The District Court of Amsterdam has overruled the Dutch data protection regulator by declaring Google must remove information about a medical negligence investigation under the ‘right to be forgotten’.
The claimant was a surgeon who had been suspended by a disciplinary panel because of her postoperative care of a patient. However, this was then changed to a conditional suspension which allowed the claimant to continue to practice. It was then discovered by the claimant that upon entering her name into Google, the first results were links to a website containing an unofficial ‘blacklist’. Google and the Dutch regulator contested the removal of the information on the basis that the doctor was still on probation, therefore it was accurate and still relevant.
The District Court of Amsterdam found that the surgeon had “an interest in not indicating that every time someone enters the full name in Googles search engine, immediately the mention of her name appears on the blacklist of doctors”. It was decided that this interest outweighed the public interest in accessing the information this way. The Court acknowledged that the information was publically available elsewhere, without the derogatory overtones of the unofficial blacklist which amounted to ‘digital pillory’. Relevant to this were the rules on confidentiality which may prevent doctors from defending themselves.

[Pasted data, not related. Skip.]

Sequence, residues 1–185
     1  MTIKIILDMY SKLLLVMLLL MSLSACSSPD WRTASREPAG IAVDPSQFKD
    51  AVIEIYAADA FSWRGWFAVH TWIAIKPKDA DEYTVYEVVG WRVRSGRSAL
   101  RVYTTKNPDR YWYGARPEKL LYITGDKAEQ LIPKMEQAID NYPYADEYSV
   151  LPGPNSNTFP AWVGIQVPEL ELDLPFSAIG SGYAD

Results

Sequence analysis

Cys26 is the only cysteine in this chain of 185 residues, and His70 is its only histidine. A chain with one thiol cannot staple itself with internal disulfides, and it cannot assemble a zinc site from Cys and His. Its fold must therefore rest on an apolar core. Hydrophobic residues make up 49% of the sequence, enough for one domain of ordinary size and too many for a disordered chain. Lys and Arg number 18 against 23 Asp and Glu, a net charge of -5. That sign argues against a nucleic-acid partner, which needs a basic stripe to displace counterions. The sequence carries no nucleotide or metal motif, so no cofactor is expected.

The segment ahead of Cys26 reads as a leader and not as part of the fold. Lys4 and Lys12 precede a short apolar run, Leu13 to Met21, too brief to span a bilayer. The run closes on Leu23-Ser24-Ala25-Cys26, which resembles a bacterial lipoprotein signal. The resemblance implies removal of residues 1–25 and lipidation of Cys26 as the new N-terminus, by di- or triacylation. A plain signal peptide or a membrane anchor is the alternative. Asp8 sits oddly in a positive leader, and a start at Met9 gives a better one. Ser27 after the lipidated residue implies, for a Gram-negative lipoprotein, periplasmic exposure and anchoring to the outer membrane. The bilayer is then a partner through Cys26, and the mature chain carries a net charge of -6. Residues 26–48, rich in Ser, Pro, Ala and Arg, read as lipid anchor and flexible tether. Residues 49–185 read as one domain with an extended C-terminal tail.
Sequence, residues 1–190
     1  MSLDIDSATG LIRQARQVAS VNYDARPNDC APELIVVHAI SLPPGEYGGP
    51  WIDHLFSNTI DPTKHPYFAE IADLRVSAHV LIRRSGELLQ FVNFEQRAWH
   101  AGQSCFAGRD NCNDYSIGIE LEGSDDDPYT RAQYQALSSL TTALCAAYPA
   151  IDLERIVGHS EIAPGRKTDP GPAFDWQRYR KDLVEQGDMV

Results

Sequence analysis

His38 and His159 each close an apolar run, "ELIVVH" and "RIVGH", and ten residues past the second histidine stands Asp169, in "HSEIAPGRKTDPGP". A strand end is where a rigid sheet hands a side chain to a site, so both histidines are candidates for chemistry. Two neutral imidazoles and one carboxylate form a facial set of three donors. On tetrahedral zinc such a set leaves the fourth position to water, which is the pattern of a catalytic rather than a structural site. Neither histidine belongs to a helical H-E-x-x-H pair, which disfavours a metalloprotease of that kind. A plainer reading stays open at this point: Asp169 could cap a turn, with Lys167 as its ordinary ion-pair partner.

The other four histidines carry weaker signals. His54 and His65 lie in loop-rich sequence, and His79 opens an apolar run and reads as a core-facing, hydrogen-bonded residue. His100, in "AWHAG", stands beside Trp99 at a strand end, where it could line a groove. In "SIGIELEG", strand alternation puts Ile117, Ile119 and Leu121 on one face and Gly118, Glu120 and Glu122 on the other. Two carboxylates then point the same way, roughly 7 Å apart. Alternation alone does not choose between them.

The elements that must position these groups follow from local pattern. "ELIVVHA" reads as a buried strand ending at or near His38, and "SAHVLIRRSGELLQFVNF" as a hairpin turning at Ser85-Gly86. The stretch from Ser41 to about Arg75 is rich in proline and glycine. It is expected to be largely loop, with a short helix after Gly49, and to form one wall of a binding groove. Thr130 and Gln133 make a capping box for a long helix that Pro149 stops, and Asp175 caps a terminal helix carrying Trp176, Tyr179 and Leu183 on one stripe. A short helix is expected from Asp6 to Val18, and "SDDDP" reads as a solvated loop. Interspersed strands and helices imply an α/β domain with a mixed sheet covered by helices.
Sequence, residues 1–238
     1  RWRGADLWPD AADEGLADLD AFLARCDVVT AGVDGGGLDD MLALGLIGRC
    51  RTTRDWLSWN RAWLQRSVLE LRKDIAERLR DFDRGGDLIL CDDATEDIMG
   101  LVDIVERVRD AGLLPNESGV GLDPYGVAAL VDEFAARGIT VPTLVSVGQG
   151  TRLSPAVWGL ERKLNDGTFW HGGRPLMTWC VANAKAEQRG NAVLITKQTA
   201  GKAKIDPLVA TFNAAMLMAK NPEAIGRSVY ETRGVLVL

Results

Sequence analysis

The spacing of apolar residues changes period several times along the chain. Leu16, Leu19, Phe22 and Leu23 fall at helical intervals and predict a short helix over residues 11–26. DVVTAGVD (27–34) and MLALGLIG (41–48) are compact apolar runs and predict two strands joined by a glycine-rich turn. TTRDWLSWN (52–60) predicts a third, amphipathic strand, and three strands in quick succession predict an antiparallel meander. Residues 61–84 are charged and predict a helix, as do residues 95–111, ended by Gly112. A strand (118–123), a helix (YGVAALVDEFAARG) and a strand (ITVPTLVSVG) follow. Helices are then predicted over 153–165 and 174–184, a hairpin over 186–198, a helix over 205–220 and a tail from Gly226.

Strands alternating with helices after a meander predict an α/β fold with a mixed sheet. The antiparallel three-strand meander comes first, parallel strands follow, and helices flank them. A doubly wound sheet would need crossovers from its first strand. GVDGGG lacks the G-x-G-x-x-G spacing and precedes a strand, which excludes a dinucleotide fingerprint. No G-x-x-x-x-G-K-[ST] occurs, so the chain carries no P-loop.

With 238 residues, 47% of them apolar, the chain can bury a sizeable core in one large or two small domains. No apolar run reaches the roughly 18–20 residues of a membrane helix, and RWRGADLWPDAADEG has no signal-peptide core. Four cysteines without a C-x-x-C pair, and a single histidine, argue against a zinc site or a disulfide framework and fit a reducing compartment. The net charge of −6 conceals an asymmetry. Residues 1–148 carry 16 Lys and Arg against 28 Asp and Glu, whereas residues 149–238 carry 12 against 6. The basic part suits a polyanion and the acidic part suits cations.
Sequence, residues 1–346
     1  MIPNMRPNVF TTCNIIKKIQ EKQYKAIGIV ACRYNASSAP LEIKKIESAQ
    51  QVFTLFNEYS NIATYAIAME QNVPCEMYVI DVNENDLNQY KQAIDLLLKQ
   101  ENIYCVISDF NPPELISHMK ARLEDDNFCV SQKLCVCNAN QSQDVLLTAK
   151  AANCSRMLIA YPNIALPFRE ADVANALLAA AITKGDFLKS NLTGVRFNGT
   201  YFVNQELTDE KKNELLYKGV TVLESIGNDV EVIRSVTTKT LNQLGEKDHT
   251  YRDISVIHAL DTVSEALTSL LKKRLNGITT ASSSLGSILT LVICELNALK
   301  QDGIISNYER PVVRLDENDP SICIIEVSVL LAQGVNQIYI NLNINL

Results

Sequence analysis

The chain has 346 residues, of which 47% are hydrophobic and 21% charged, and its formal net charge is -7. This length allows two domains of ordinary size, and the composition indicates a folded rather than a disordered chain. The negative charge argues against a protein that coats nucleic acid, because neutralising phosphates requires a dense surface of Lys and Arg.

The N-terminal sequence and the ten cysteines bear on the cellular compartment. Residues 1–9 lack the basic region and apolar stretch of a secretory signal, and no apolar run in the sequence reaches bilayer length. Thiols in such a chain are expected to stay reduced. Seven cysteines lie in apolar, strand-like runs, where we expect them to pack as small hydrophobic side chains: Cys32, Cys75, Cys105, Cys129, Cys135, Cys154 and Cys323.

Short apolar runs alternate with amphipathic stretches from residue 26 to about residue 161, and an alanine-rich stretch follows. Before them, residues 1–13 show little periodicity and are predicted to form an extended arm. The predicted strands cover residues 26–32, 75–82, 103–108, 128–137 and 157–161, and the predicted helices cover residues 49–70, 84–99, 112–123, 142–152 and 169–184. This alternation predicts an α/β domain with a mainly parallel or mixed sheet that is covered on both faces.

The European Court of Justice established the ‘right to be forgotten’ in a 2014 ruling which applied it to outdated and irrelevant data in search results unless there was a public interest in the data remaining available. The right also forms part of Article 17 of the General Data Protection Regulation (GDPR), which allows European citizens to ask search engines to remove links to inadequate, irrelevant or excessive content. This ruling, however, suggests that unnecessarily damaging information may have to be removed even where accurate and up to date.
It is understood that Google will appeal the decision.